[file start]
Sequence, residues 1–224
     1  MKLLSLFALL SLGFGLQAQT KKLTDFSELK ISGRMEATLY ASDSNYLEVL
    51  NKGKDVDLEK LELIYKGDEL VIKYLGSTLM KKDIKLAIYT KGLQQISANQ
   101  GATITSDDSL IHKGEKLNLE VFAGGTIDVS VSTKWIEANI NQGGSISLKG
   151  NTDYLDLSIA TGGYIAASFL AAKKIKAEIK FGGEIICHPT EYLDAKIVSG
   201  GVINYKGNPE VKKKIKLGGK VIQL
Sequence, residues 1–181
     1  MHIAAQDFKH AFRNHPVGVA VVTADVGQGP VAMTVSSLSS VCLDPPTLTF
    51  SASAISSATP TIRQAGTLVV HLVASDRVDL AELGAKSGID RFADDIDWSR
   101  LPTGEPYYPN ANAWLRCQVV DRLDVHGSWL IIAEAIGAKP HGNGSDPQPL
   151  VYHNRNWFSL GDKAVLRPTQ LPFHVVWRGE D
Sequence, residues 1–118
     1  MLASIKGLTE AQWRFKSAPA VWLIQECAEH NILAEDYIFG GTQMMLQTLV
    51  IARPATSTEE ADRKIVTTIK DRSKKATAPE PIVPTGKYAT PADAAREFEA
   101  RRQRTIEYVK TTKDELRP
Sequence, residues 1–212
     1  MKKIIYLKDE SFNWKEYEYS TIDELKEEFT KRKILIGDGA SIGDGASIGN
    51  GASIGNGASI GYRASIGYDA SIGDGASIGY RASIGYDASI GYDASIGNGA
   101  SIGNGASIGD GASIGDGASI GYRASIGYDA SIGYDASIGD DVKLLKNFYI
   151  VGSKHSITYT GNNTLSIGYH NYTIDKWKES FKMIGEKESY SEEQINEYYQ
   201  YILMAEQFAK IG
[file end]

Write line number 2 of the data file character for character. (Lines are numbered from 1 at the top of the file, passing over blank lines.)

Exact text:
     1  MKLLSLFALL SLGFGLQAQT KKLTDFSELK ISGRMEATLY ASDSNYLEVL